ningerbil (ningerbil) wrote in 50bookchallenge,

Books 21 aand 22

21. 100 Ideas That Changed Fashion, by Harriet Worsely. Really enjoyed this look at the defining moments of fashion, some of which I'd never considered. One, it's hard to overstate, and this book drives it home, how much the two World Wars changed the fashion scene, particularly for women. Many trends listed here have a direct or indirect connection to those world-shattering events. The brief articles are chock full of interesting information on fashion, trends and trendsetters. This would be a great book for anyone wanting a quick primer on the fashion world, or your "reluctant reader" who follows Project Runway religiously. A couple minor nits. One, in the article on the white wedding gown, it mentions Queen Victoria as the one who slowly ushered in the concept, making it sound like she was doing this as a romantic and revolutionary. Actually, her white wedding dress and eschewing a crown of jewels for a garland of flowers were a sign of austerity- plain fabric was less expensive than print, certainly less expensive than brocade. The country was facing financial difficulties at that time, and the new queen's white gown was her way of scaling back on costs. Also, in the same section, it mentions that most women wore pink or blue at their weddings. Blue, yes, but at that time pink (and red) were considered men's colors. You occasionally see a portrait of a woman in a pink print dress but not often. In another section, it makes mention how much World War I changed women's fashions, and how military uniforms impacted women's wear. This is very true, and as I said earlier, the World Wars did more than anything in completely turning women's fashion on its head. But the way the article is written, it makes it sound like war never had an impact on women's fashion. Certainly not true. In the Civil War, women often used military-inspired braiding on hems and sleeves, and the fashion of slashing garments in the middle ages to allow undergarments to show through was a result of war. Still, all in all an entertaining and enlightening read. Especially loved the sections on the impact of technology on fashion.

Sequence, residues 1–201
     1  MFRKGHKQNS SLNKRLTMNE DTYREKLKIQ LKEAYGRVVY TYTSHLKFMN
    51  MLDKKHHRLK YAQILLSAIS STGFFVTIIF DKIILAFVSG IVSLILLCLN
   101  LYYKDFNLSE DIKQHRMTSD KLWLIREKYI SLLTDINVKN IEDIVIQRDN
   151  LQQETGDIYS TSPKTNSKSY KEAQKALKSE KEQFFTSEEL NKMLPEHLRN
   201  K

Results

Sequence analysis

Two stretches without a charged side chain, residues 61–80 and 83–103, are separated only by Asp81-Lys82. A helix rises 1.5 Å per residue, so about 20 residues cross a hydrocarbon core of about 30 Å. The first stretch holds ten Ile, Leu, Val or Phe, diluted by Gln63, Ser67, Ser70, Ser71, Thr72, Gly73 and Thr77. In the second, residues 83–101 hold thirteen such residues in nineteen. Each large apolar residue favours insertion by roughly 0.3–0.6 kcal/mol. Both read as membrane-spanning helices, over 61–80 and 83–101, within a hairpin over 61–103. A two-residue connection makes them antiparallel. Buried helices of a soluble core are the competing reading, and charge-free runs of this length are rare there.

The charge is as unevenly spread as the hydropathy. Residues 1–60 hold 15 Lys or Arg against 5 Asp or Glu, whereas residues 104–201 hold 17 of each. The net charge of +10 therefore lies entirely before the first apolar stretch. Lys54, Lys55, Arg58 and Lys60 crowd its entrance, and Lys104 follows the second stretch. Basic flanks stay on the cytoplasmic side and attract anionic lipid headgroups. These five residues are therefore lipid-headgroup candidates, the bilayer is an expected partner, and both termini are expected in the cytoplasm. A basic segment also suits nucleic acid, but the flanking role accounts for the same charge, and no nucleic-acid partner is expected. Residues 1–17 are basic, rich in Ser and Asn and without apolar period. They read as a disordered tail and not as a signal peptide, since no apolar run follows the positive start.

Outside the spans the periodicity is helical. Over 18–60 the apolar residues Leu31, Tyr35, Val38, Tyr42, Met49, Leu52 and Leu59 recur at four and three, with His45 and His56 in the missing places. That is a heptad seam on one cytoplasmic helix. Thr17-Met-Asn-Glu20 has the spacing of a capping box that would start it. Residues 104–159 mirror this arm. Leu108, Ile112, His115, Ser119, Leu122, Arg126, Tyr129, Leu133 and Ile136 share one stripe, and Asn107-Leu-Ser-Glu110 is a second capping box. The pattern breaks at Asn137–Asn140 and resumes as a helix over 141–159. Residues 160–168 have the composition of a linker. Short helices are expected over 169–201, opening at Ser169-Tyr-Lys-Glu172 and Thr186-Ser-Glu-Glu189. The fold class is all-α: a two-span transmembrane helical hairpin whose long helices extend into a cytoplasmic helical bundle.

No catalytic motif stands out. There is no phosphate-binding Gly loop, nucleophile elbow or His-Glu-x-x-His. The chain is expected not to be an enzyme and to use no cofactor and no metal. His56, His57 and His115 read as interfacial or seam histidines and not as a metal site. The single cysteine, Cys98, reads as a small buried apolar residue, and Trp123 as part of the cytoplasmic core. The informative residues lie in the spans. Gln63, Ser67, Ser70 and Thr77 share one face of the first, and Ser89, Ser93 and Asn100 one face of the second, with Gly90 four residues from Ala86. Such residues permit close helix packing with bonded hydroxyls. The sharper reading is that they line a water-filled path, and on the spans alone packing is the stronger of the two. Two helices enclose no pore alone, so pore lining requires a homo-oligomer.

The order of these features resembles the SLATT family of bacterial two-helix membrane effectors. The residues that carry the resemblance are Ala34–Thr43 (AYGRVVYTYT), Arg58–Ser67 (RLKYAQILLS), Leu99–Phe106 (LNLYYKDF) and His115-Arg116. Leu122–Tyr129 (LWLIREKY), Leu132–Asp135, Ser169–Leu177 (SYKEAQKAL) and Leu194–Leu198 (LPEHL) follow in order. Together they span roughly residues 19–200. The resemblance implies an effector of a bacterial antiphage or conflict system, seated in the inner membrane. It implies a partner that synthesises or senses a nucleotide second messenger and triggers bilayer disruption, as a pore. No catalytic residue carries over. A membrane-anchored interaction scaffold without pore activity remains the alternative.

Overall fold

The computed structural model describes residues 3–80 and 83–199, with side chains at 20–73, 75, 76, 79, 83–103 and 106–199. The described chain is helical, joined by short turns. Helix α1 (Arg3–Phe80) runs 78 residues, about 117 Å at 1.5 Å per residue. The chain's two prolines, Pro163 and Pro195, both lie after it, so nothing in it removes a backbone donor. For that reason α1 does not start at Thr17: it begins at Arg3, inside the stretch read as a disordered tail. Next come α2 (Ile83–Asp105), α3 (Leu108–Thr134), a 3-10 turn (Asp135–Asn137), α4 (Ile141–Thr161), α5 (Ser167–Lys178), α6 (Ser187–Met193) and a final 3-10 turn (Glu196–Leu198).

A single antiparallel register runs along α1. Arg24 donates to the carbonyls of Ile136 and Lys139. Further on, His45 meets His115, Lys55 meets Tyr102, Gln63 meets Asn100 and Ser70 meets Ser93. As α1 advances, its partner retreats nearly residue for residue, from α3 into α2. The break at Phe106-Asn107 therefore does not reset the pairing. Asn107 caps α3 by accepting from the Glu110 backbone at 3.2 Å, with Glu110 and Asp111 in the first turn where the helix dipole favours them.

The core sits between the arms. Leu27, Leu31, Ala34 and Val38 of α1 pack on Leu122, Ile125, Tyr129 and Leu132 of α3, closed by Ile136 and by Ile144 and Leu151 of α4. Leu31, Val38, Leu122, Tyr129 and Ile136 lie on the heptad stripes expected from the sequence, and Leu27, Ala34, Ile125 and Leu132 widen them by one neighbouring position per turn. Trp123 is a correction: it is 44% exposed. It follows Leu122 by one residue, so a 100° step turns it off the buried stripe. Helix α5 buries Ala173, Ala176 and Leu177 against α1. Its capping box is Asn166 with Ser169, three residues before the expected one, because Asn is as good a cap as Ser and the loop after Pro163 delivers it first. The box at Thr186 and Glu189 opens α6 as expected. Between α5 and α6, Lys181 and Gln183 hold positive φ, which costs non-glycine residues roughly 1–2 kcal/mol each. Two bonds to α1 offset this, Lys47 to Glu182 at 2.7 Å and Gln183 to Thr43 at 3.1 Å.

22. In the Shadows, by Kiersten White, with illustrations by Jim DiBartolo. This novel actually tells two related stories, in two different formats, and the effect is quite ingenious. It opens with a series of illustrations, then goes into a seemingly unrelated chapter. As the book goes on, the pieces of the dark mystery come together. The story centers on five teens living at a boarding house in a remote town- Cora and Minnie, who run the house with their recently widowed mother; Thomas and Charles, brothers who have been sent there for the summer by their father for Charles' health- and perhaps darker reasons; and Arthur, who harbors several closely-guarded secrets but who knows more than he lets on about the mysterious happenings in the town - happenings that threaten to ensnare all five of them. This is a quick read, with an engaging mystery. The five main characters are well done. My only nit is I wonder if this would have worked even better as a series, so we can get more into the back stories on several of the other characters, including Mary. Also, I do wonder if the ending was wrapped up a bit too neatly and quickly. All in all, though, I really liked it. The illustrations are just gorgeous, detailed and dark. This would be good for preteens and teens looking for a good mystery or a quick summer read.

Currently reading: Three Musketeers, by Alexandre Dumas; Cleveland in the Gilded Age, by Dan Ruminski and Alan Dutka; and A Curious Man, by Neal Thompson
Tags: graphic novel, mystery, non-fiction, young adult

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